Kilgo, C. A. 2015. “The Estimated Effects of Service Learning on Students’ Intercultural Effectiveness.” Journal of College Student Development.
This longitudinal study employing the Wabash National Study of Liberal Arts Education dataset sought to determine the influence of service learning on the intercultural effectiveness of undergraduate students. Service learning is a form of pragmatic and experiential learning in which students learn about and help address the challenges a community is facing or learn about the goals of that community and meaningfully assist in achieving those goals. Examining 17 diverse institutions and nearly 2,000 students, the study revealed a strong positive association between participating in service learning and intercultural effectiveness. However, this effect appears to be entirely mediated by (that is, completely dependent upon) exposure to good practices in course design and pedagogy, such as having more positive interactions with diverse peers, more diversity experiences in general, experiencing greater academic challenge, and having integrated learning experiences.
DISCUSSION OF THE FINDINGS
How service learning is conducted matters more for helping students achieve outcomes than providing service learning itself. Generally, this study demonstrates that well thought-out activities that compel students to critically analyze their own thoughts and consider them in juxtaposition to alternatives are responsible for enhancing students’ intercultural skills. As demonstrated by other research on cognitive development, students should be offered the opportunity to refine their perspectives and connect their learning in an integrated manner in order to generate the strongest developmental effects.
IMPLICATIONS FOR ACTION BY CAMPUS LEADERS
As expressed by the author, “faculty who facilitate service learning experiences for students should strive to include these good practices within the implementation of service learning opportunities” (p. 869). Having positive interactions with diverse others, more academic challenge, more integrated learning, and more reflective learning leads to stronger intercultural skills. Service learning may be a vehicle well-suited to achieve these effects when designed thoughtfully and with academic rigor. Institutions may wish to conduct reviews of current service learning programs to ensure that this is the case, and campus leaders considering developing new service learning programs may wish to ensure that these good practices are embedded with the service learning experience. It may also be advantageous for current service learning programs to develop activities that place students in groups with diverse peers, challenge them to think critically, ask that they analyze their own perspectives, and allow them to reflect upon their learning and integrate it with their past knowledge and experiences.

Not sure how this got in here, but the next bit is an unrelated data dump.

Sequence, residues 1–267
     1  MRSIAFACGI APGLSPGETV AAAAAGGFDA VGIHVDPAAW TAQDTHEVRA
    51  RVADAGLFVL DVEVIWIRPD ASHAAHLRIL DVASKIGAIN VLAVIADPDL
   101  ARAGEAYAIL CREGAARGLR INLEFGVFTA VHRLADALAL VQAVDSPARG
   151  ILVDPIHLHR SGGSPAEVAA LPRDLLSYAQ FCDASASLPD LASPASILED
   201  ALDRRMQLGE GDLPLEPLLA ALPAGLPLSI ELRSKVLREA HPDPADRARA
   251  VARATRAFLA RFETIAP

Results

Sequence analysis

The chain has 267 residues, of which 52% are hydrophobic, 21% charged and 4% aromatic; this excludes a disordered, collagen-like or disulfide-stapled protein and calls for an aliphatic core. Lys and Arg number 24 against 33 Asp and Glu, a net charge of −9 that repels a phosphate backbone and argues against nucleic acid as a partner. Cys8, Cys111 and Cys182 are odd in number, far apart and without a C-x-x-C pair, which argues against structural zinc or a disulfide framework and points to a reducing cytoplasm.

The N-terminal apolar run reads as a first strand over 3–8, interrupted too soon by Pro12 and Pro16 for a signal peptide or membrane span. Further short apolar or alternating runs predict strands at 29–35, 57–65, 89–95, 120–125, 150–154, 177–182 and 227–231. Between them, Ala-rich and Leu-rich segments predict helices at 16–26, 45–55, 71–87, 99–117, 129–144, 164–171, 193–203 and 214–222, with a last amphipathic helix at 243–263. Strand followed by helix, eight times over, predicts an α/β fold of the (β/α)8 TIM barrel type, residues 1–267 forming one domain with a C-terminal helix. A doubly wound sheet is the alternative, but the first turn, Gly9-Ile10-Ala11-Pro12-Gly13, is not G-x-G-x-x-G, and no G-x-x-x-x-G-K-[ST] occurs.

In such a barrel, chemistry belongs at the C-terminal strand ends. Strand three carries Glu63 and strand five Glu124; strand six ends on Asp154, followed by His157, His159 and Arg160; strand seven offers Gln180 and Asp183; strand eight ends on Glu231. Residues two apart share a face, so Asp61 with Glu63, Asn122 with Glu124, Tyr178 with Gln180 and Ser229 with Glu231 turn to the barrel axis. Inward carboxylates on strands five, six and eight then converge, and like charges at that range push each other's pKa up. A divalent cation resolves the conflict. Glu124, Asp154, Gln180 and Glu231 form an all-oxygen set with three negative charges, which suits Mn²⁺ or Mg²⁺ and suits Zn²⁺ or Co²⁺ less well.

ABOUT THE AUTHORS
Cindy Ann Kilgo is an associate professor in the Center for Postsecondary Research, Educational Leadership, and Policy Studies at Indiana University-Bloomington.
RECOMMENDED FOLLOW-UP LITERATURE
Astin, A. W., and Sax, L. J. 1998. “How Undergraduates Are Affected by Service Participation.” Journal of College Student Development, 39, 251-263.
Chickering, A. W., and Gamson, Z. F. 1987. “Seven Principles for Good Practice in Undergraduate Education.” AAHE Bulletin, 39.7, 3-7.
Jones, S. R., and Abes, E. S. 2004. “Enduring Influences of Service Learning on College Students’ Identity Development.” Journal of College Student Development, 45.2, 149-166.